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Two groups of cuttlefish (Sepia officinalis) were used to demonstrate classical conditioning in this species and to determine whether the resulting approach response would be that of sign tracking or goal tracking. For cuttlefish in the paired condition, a flashing light was presented at one end of a long tank followed by food dropped into the center of the(More)
The general psychology course provides a unique opportunity to present the science of psychology to a wide audience. Informing the general public about the importance of animal research in psychology is especially important given contemporary concerns about animal rights and animal welfare. A study of 8 leading introductory psychology textbooks indicated(More)
The prawn-in-a-tube procedure (J. B. Messenger, 1973a) has been used almost exclusively to study associative learning in cuttlefish. In two experiments, the authors sought to determine whether the decline in attack responses observed in this procedure was best accounted for by habituation or associative learning. Results of Experiment 1 revealed an(More)
Although nouns of high imagery are generally recalled better than nouns of low imagery, both Palermo and Yuille have shown that retention for the former decreases with time. The present study tested the hypothesis that this decreased effectiveness occurs because images stored in long-term memory are accessible only through their verbal labels. 64 subjects(More)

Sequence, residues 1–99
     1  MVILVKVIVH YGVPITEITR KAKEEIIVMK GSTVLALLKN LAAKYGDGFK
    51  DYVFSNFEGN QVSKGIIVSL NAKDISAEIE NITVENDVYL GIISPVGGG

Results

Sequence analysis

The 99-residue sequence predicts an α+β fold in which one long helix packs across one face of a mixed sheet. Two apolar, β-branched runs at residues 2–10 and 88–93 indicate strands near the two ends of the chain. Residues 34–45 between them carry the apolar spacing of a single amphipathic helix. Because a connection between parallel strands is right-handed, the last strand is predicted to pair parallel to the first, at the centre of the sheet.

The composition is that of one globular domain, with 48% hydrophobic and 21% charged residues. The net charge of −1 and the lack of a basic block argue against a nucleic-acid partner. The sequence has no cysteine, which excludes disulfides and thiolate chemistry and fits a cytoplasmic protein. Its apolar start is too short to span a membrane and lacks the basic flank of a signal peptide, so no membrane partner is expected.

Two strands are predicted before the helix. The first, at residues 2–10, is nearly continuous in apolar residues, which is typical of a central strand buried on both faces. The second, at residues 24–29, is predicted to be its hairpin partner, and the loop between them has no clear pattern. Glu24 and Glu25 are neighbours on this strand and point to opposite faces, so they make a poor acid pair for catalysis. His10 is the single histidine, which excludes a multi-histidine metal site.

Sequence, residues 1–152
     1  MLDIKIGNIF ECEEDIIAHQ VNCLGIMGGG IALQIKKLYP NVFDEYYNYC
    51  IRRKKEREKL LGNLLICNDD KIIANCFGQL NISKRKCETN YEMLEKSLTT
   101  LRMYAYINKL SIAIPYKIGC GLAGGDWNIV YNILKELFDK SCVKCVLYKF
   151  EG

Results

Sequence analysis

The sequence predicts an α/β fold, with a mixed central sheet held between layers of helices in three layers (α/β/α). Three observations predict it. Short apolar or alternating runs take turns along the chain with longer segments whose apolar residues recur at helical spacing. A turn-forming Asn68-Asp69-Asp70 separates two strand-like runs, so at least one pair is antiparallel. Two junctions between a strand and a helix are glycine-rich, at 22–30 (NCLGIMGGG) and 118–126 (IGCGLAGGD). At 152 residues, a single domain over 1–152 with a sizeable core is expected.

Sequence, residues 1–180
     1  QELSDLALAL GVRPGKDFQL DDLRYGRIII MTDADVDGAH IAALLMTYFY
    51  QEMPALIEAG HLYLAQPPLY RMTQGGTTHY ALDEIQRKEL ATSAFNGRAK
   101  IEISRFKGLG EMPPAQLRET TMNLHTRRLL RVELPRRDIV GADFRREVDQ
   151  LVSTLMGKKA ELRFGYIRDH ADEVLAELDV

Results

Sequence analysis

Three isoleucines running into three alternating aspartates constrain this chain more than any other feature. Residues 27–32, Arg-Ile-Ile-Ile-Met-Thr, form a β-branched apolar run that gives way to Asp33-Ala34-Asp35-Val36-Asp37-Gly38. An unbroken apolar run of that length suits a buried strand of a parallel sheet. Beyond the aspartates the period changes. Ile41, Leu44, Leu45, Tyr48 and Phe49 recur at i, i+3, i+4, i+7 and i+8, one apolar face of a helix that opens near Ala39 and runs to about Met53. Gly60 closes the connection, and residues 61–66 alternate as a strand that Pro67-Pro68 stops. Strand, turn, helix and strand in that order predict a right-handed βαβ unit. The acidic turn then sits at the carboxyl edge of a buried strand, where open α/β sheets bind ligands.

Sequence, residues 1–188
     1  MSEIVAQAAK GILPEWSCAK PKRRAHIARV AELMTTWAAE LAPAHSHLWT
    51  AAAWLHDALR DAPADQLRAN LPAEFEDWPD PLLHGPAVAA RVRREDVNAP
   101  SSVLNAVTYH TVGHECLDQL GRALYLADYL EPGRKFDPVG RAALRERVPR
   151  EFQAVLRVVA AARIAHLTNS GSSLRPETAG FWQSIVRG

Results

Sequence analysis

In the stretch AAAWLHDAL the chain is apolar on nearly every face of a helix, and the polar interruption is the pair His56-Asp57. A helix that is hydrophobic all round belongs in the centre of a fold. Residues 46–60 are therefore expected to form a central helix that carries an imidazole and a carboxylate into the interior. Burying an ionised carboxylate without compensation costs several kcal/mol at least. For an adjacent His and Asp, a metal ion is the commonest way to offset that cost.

Sperling in 1960 reported information in sensory storage remained for about one sec. In 1974 Phillips reported that information in sensory storage passed on to short-term visual memory after 100 msec. To distinguish between these alternatives, 55 subjects received 36 trials in which two matrices of letters, familiar shapes, or non-familiar shapes were(More)
It is proposed that the dominance of continuity learning theory as set against noncontinuity learning theory during the middle third of the 20th century rested importantly on its derivation from Darwin's theory of evolution. The kinship is shown in several ways. First, Thorndike and Hull echoed the principle of natural selection in their belief that(More)
  • J E Purdy
  • 1990
The effects of declining accessibility of water and risk of electric shock on drinking patterns in rats were examined. Rats chose between two conditions to obtain their daily intake of water. In one condition, accessibility of water decreased systematically. In the other condition, water was readily accessible, but responses occasionally were followed by(More)
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